Not only was it NOT the CIA that Zubaydah revealed that Khalid Sheik Muhammed was "Mukhtar", it also wasn't the result of any torture techniques committed BY the CIA. Rather normal FBI interrogation techniques lead to perhaps the biggest break in the case of trying to find the mastermind behind 9-11.
The rest of the Newsweek piece is full of other important revelations and its definitely worth the full read. But for now I just want to say that it is totally irresponsible for the MSM to continue allowing Thiessen to take part in the public debate over whether or not we should investigate the torture of enemy detainees. He has now shown that either he lacks the knowledge to be credible on the issue or, more nefariously, is willing to lie about the facts in order to sway public opinion his way. Whichever is the case what is apparent is that his words are not to be trusted and I really hope that his microphone is taken away from him.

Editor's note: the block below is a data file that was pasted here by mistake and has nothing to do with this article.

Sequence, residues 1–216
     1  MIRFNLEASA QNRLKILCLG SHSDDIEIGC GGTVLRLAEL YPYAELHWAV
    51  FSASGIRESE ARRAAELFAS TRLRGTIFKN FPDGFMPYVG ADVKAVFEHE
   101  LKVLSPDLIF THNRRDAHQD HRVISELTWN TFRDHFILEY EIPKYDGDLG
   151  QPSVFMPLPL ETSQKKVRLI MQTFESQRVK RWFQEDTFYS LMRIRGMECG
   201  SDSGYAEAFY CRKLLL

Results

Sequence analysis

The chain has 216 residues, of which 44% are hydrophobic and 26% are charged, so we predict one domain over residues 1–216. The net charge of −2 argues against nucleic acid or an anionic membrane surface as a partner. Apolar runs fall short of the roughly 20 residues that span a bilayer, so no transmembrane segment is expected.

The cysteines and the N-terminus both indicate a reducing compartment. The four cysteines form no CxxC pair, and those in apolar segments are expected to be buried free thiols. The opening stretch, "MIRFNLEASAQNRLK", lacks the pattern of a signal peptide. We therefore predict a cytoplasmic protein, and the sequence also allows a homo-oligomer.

Some other useful excerpts from the Newsweek piece:
The agent, Ali Soufan, was known as one of the bureau's top experts on Al Qaeda. He also had a reputation as a shrewd interrogator who could work fluently in both English and Arabic. Soufan yelled at one CIA contractor and told him that what he was doing was wrong, ineffective and an affront to American values. At one point, Soufan discovered a dark wooden "confinement box" that the contractor had built for Abu Zubaydah. It looked, Soufan recalls, "like a coffin." The mercurial agent erupted in anger, got on a secure phone line and called Pasquale D'Amuro, then the FBI assistant director for counterterrorism. "I swear to God," he shouted, "I'm going to arrest these guys!"